Step 330 includes receiving, at the first transceiver, the re-transmitted observed signals produced from the first set of training data, and calculating a roundtrip channel estimate at the first transceiver. The roundtrip channel estimate is representative of channel conditions of the roundtrip communication channel consisting of the communication path from the first transceiver to the second transceiver and back. The roundtrip communication channel includes one or more sub-channels between the first and the second transceivers. In an embodiment, the roundtrip channel estimate includes a complex gain value for each sub-channel comprised in the roundtrip communication channel.

FIG. 2B is a block diagram that illustrates steps 310, 320, and 330 of process flowchart 300 implemented in the exemplary MIMO communication system 200 of FIG. 2A.

Step 310 is achieved, in FIG. 2B, by training source streams 262 being symbol mapped, pulse shaped, and up-converted, before being transmitted by transmit antennas 212-1 {1, . . . , n} over communication channel HAB 214.

Step 320 is achieved, in the example of FIG. 2B, by transceiver B receiving the transmitted signals using receive antennas 216-{1, . . . , m}, down-converting the received signals, and sending the received observed signals from receive down-conversion component 218 to the transmit up-conversion component 240. In an embodiment, the received signals are down-converted to IF frequency before being fed from the receive side to the transmit side. In another embodiment, the received signals are transferred from receive down-conversion component 218 to transmit up-conversion component 240 before RF down-conversion. Step 320 further includes the observed signals being re-transmitted by transmit antennas 242-{1 . . . , m} of transceiver B over communication channel HBA 244.

Step 330 is achieved, in the example of FIG. 2B, by receiving the re-transmitted observed signals by receive antennas 246-{1, . . . , n} of transceiver A, down-converting (using down-conversion component 248) and pulse-match filtering (using pulse matched filtering component 250) the received signals, before calculating a roundtrip channel estimate using roundtrip channel estimation component 254 of transceiver A. The roundtrip channel estimate calculated at A describes the channel from A to B and then back to A.

Referring back to FIG. 3, step 340 includes transmitting a second set of training data from the second transceiver to the first transceiver. In an embodiment, the second set of training data is known both at the first and second transceivers.

Step 350 includes receiving observed signals produced from the second training set at the first transceiver, and calculating a reverse link channel estimate at the first transceiver based on the received observed signals. The reverse link channel estimate is representative of channel conditions of the communication channel from the second transceiver to the first transceiver. The reverse link communication channel includes one or more sub-channels between the first and second transceivers. In an embodiment, the channel estimate includes a complex gain value for each sub-channel comprised in the reverse link communication channel.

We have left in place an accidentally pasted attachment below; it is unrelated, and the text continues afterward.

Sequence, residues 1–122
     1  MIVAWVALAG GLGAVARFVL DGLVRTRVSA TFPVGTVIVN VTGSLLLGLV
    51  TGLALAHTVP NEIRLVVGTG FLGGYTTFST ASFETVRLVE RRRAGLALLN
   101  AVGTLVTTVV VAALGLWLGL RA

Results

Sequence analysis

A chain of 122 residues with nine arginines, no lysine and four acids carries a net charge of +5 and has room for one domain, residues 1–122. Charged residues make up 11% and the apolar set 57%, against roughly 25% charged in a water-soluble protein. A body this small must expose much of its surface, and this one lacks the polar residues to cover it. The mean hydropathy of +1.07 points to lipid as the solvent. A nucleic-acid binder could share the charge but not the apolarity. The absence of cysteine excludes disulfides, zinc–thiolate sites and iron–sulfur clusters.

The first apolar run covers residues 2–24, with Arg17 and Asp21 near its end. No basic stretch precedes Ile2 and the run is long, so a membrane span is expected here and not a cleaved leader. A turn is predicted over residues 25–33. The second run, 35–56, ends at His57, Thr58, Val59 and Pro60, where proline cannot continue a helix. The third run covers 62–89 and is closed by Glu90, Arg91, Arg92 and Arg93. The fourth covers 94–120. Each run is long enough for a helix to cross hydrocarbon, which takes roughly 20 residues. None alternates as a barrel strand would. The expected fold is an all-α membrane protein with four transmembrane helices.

Step 360 includes calculating a forward link channel estimate at the first transceiver based on the calculated first round-trip channel estimate (calculated in step 330) and the calculated reverse link channel estimate (calculated in step 350). In an embodiment, the first transceiver calculates the forward link channel estimate using the calculated round-trip channel estimate and the calculated reverse link channel estimate jointly minimizing a weighted least square error criterion.

FIG. 2C is a block diagram that illustrates steps 340, 350, and 360 of process flowchart 300 implemented in the exemplary MIMO communication system 200 of FIG. 2A.

Step 340 is achieved, in the example of FIG. 2C, by training source streams 264 being symbol mapped, pulse shaped, and RF up-converted, before being transmitted by transmit antennas 242-{1, . . . , m} of transceiver B over communication channel HBA 244.

Step 350 is achieved, in the example of FIG. 2C, by transceiver A receiving the transmitted signals using receive antennas 246-{1, . . . , n}, RF down-converting and pulse match filtering the received signals, before calculating a reverse link channel estimate using reverse channel estimation component 254. Further, step 360 is achieved by using reverse link channel estimation component 254 with round trip channel estimation component 262 of transceiver A to calculate a forward link channel estimate at transceiver A. Also, using transmit beamforming weight estimation component 256 and the calculated forward link channel estimate, transceiver A may calculate transmit beamforming weights based on the forward link channel estimate.